Sunday, April 08, 2012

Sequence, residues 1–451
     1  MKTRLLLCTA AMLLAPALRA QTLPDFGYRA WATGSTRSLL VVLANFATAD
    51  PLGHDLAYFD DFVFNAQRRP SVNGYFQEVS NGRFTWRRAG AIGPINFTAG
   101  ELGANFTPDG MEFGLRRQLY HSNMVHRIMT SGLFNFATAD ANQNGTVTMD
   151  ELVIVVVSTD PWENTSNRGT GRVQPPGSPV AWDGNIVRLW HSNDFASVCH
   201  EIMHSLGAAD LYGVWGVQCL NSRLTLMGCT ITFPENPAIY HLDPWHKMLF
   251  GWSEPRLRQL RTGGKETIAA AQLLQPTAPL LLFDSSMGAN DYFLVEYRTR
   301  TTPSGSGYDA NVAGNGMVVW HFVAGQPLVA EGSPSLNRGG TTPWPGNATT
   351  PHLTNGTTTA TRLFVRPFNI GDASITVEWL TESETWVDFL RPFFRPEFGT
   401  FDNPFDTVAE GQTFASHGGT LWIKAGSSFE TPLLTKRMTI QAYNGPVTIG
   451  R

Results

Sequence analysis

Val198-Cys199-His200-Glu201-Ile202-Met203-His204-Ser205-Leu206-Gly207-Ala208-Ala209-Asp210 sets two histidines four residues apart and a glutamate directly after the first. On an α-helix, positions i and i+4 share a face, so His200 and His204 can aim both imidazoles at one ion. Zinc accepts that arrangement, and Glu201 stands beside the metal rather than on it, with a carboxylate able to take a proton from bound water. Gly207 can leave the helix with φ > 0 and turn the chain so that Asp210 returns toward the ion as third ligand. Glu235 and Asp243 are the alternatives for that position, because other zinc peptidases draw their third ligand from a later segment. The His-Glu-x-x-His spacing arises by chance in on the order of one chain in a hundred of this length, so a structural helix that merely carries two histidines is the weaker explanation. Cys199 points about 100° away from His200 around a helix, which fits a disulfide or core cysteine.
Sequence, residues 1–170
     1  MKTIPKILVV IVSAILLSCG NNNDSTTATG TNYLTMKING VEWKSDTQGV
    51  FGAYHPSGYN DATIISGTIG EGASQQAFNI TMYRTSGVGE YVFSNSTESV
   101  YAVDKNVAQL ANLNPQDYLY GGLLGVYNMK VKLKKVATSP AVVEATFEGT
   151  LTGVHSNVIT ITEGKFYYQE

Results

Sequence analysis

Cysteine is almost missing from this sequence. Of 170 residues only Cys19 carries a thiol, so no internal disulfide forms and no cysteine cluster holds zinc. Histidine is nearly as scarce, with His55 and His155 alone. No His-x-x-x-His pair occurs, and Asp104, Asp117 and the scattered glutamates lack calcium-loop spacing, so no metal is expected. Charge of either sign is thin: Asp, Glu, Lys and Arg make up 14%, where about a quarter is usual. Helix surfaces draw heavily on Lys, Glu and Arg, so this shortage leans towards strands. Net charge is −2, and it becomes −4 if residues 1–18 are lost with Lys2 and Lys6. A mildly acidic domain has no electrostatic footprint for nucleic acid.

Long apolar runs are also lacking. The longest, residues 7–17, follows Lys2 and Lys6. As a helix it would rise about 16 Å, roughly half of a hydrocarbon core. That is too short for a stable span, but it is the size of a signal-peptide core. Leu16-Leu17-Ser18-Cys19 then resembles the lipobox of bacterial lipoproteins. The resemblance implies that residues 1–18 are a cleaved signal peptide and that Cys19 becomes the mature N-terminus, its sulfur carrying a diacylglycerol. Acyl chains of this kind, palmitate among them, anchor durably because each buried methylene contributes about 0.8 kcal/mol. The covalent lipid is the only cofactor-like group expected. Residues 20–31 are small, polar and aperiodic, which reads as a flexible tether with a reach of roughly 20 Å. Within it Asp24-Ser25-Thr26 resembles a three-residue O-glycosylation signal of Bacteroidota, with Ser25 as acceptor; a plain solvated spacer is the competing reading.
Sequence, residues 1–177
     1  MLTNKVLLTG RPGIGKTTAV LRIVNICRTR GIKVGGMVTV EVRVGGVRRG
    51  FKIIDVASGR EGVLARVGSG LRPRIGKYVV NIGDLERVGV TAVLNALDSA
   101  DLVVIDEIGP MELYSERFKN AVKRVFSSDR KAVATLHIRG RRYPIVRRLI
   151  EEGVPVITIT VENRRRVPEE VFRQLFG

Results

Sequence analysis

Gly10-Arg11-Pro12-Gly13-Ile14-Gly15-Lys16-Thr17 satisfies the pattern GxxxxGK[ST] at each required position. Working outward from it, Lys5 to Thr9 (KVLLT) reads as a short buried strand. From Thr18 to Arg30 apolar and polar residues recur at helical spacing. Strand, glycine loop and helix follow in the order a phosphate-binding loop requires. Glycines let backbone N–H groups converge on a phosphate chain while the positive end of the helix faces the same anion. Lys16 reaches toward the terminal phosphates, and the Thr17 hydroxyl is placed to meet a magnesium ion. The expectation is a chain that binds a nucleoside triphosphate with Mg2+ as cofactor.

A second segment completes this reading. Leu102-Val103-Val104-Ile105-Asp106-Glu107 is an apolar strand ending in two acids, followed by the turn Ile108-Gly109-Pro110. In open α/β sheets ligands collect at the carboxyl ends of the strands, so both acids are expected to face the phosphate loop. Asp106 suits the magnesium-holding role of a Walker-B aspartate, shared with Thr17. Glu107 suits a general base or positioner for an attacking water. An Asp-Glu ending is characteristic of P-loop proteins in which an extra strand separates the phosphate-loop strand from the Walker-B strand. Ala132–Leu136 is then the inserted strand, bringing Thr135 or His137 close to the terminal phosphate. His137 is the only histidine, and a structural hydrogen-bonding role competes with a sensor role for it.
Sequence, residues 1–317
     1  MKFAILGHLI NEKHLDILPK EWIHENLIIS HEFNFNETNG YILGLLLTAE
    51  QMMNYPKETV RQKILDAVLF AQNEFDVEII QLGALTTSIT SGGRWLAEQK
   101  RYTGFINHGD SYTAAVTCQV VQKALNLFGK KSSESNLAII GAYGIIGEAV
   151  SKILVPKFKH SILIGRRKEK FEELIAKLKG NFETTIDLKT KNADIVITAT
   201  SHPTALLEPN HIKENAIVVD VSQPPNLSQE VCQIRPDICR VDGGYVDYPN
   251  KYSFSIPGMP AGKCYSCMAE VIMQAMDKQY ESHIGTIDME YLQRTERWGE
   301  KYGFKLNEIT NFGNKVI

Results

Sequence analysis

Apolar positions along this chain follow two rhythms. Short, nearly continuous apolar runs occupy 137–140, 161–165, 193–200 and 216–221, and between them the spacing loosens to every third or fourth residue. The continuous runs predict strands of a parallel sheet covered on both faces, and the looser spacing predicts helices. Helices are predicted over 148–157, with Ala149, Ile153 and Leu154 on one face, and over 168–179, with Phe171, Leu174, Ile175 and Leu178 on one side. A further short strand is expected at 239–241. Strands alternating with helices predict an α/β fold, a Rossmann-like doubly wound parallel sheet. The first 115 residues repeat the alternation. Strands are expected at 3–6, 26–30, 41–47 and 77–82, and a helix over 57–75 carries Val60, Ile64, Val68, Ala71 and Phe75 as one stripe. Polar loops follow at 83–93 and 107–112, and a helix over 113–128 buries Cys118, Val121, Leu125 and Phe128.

I wrote about David S. Ware's Surrendered CD 5 years ago - Jesus effing Cripes, was that 5 years ago??! - right here. In case you can't be bothered going to the link, I will briefly explain that the record in question, released on Sony/Columbia in 2000, is one of the highlights of this jazzbo veteran's long and fruitful career, and will probably go down in history as the last great and/or interesting "jazz" album released by a major recording company, ever. If you think the majors suck at releasing rock & roll, you should see how they stumble and fail w/ remarkable consistency when it comes to "jazz". Being a nominally niche form of music in the modern scheme of things, the cheese factor is laid on even thicker for the mass market than its rock sidekick - since "rock" is a mass-market music form - and hence... wait a fucking minute, I'm being sidetracked by my own good self here. I'll save that rant for the street corner. Anyway, Branford Marsalis, the slightly less annoying brother to "traditionalist" fartspider, Wynton, signed up Ware and co. in the hope of bringing his adventurous/far-out sounds to the masses. He failed, of course, but he succeeded in being the A & R dude responsible for releasing what are probably the only two killer jazz platters released by the Columbia Records Corporation since they showed James Ulmer the door back in the mid '80s. They even managed to rope Rolling Stone scribe David Fricke into the fold to pen the liner notes; no great feat, since the guy seems to've jotted the liners for every second major-label disc I own, but despite the severe handicap of being one of the head cheeses at Rolling Stone mag, I actually like a decent amount of what he writes (and his notes for the Ware album in question are great). So, why am I writing about this record... again? Because today, on the holiest of holy days, I gave it a spin, and I'm still of the opinion that it remains one of the finest American jazz long-players of the past two decades. I then searched Youtube for footage and came up w/ this oddity: someone posted my fave song from the disc, "Glorified Calypso", and for reasons unknown to most functioning adults, put it to scenes from the old depressoid Kraut flick, Christiane F. If there's a connection between the two, it's lost on me, but at the risk of strangling the English language even further, I will state that it's not like the clip doesn't not work in some strange way. I'm giving them a B-, slightly higher than I should, if only because they showed us mercy by including no calypso dancing footage.